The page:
I really can’t afford to get shitty grades. Because I was so sick before they discovered it was cancer (DAMMIT I hate cancer so much), I missed week after week of school for one reason or another. I think my GPA dropped well below a 3.0, and now I’m doing all I can to stay afloat. Of course, it doesn’t help that I’m a physicist and incredibly lazy. Those two things do not go hand-in-hand.

I try to register for classes and keep on top of it, like what I was going to do with this quarter, but I just can’t. I was so upset tonight that it kept me from really sleeping that much. I’m having to teach four classes this week because one of the other TAs is gone (looking at a grad school for his PhD, since OSU isn’t good enough for that apparently), so I had to pick up the slack. I found out that I have to proctor an exam tomorrow night too, so there goes four hours of studying.

I’m not going to make it. I really don’t know what to do, and in order to keep my head above water and get me going to classes again, I stopped my low-dose chemo on my own. (PLEASE don’t yell at me, I’ve already been yelled at, thanks. I know what a retard I am, I get it.) But, at least I can function for the time being. It really isn’t doing much good for me, but dammit if I’m going to take another whole year off. Fuck that noise.

There really is nothing good to report. I finally got to sleep around 4:15 this morning, and then a thunderstorm woke me up not more than 20 minutes later. So, I’ve been up ever since. This is just NOT my day. I’m tempted to email my professor in mineralogy and tell him I just can’t take the exam on Thursday because I’m so behind. But then I’ll even be more behind. What’s a girl to do?!

I know other young adults with cancer and trying to go to school at the same time have had my problems. But I really don’t know what to do at this point! Should I just take an incomplete, and then wing it for the rest of the quarter? I’ll be damned if I’m held back for another year.

Livestrong Documentary: Livestrong at School

Well, T-1 day until the documentary filming.  For those of you who don’t know, I was asked to participate in a documentary for the Livestrong Foundation (Lance Armstrong’s foundation for Cancer Research, Support, and Awareness).  Well, I’ve been on and off about participating for a few weeks.  At first, when they said they wanted a “day in the life” of someone with cancer, I thought, “Hell no.”  A part of me still thinks that, tbh, but I’m warming to the idea of helping out.  I can’t really say no, now can I? Not when they’re HERE and will be filming me tomorrow.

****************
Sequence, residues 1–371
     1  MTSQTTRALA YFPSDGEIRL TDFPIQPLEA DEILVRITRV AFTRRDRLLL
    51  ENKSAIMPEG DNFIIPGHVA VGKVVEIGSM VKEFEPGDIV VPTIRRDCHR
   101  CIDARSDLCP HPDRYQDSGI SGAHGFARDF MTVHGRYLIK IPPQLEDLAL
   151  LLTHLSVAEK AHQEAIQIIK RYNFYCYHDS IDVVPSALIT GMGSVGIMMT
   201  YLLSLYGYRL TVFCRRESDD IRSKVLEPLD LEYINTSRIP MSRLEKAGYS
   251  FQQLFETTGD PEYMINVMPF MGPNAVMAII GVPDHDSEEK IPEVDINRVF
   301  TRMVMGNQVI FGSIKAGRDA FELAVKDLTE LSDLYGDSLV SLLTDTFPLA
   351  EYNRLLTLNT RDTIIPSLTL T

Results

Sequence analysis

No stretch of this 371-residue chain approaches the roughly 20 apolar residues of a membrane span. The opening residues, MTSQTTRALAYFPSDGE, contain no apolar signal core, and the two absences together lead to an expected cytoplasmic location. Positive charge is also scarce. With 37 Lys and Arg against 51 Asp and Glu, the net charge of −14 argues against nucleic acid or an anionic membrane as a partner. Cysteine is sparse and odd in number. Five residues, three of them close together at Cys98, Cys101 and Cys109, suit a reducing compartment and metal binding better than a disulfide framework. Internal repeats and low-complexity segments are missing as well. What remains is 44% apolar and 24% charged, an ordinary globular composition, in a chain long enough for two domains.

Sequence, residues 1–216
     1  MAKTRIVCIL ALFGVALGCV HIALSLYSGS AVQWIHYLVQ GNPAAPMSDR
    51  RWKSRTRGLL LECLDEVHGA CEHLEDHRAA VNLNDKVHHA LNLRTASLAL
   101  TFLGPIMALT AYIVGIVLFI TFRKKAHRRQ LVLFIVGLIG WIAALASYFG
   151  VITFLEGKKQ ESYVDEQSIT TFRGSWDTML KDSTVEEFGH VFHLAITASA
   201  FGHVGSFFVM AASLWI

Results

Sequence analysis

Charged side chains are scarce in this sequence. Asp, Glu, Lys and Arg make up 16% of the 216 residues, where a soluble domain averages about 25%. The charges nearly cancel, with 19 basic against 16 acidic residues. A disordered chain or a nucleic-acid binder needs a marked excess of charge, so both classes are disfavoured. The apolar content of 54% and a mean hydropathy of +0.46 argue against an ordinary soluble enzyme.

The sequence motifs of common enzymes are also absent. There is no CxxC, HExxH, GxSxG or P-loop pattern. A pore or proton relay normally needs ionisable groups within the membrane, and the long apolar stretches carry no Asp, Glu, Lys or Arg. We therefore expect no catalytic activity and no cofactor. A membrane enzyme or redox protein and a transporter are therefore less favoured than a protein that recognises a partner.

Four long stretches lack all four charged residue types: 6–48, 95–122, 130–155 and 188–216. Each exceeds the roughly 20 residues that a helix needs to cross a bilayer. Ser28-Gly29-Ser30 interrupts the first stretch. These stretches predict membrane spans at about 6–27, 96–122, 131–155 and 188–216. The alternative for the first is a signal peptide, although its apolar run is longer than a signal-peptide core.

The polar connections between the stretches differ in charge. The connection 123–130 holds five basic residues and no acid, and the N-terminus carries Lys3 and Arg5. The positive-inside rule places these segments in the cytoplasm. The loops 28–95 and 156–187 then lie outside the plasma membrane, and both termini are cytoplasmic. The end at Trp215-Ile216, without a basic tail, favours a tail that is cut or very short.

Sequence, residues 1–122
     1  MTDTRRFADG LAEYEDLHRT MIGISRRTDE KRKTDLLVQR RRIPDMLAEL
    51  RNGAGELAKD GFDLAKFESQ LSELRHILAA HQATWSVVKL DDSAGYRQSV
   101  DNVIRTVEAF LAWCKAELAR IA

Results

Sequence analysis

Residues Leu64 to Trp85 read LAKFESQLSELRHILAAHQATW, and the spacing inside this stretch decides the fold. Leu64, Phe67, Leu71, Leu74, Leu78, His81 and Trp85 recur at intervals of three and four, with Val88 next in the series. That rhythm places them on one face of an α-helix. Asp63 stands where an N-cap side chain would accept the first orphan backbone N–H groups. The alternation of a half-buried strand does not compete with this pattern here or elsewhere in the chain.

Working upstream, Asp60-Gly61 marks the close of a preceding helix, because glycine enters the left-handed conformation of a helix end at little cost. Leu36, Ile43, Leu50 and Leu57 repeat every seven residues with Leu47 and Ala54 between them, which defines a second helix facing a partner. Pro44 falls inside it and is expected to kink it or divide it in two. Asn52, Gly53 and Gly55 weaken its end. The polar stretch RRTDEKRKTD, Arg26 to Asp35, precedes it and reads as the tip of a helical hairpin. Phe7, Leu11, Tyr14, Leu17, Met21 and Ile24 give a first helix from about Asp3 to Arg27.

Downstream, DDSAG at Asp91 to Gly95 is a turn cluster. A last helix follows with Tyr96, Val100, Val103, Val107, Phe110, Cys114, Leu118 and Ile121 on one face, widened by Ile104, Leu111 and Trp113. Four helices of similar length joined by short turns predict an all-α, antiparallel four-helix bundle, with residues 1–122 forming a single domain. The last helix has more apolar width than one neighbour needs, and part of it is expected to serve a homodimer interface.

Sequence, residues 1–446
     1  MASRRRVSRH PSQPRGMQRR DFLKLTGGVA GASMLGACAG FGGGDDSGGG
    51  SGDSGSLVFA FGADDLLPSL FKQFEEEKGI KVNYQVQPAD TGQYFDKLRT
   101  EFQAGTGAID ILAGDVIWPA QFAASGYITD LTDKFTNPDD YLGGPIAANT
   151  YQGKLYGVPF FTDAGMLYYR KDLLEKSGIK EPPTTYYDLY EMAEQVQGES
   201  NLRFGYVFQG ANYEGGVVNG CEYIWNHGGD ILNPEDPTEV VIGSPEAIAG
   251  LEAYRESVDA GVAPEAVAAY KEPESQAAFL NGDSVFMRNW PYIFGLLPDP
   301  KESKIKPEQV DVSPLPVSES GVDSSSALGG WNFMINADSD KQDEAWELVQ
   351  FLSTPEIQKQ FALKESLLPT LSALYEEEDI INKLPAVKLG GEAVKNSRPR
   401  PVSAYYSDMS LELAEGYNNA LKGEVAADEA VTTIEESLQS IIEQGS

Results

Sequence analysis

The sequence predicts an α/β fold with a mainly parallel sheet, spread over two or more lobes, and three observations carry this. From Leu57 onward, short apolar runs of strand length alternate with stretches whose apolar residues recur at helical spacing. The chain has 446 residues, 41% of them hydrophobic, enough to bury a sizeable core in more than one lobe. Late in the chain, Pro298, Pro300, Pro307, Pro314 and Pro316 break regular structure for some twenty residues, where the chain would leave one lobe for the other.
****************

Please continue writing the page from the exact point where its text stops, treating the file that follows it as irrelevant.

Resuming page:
I guess I’m supposed to talk about the stigma a college student receives when she has cancer.  Well, in a nutshell, I felt very isolated.  My friends stopped coming by, stopped calling.  Some got angry at me because I wasn’t well enough to go out and have fun with them.  I lost one best friend because he wasn’t willing to understand that I couldn’t go out and see him while he was visiting.  He gave up on me.  So, for me, cancer showed me who my true friends were, and what mortality really feels like.  I wrote letters to my family and closest friends, saying goodbye in case I died.  When I knew I didn’t need those letters anymore, I threw them out and opted to look towards the future.  No, I’m not a driven student – I’m still as lazy as can be when it comes to doing work – but I do know what’s important in life.  My faith is important to me; never have I experienced something so scary, but so beautiful at the same time.  No, cancer isn’t beautiful, but it’s cleansing, like a phoenix being reborn.  You remake your life by keeping the things that mean a lot to you, and purging the activity and friends that you no longer have any need for.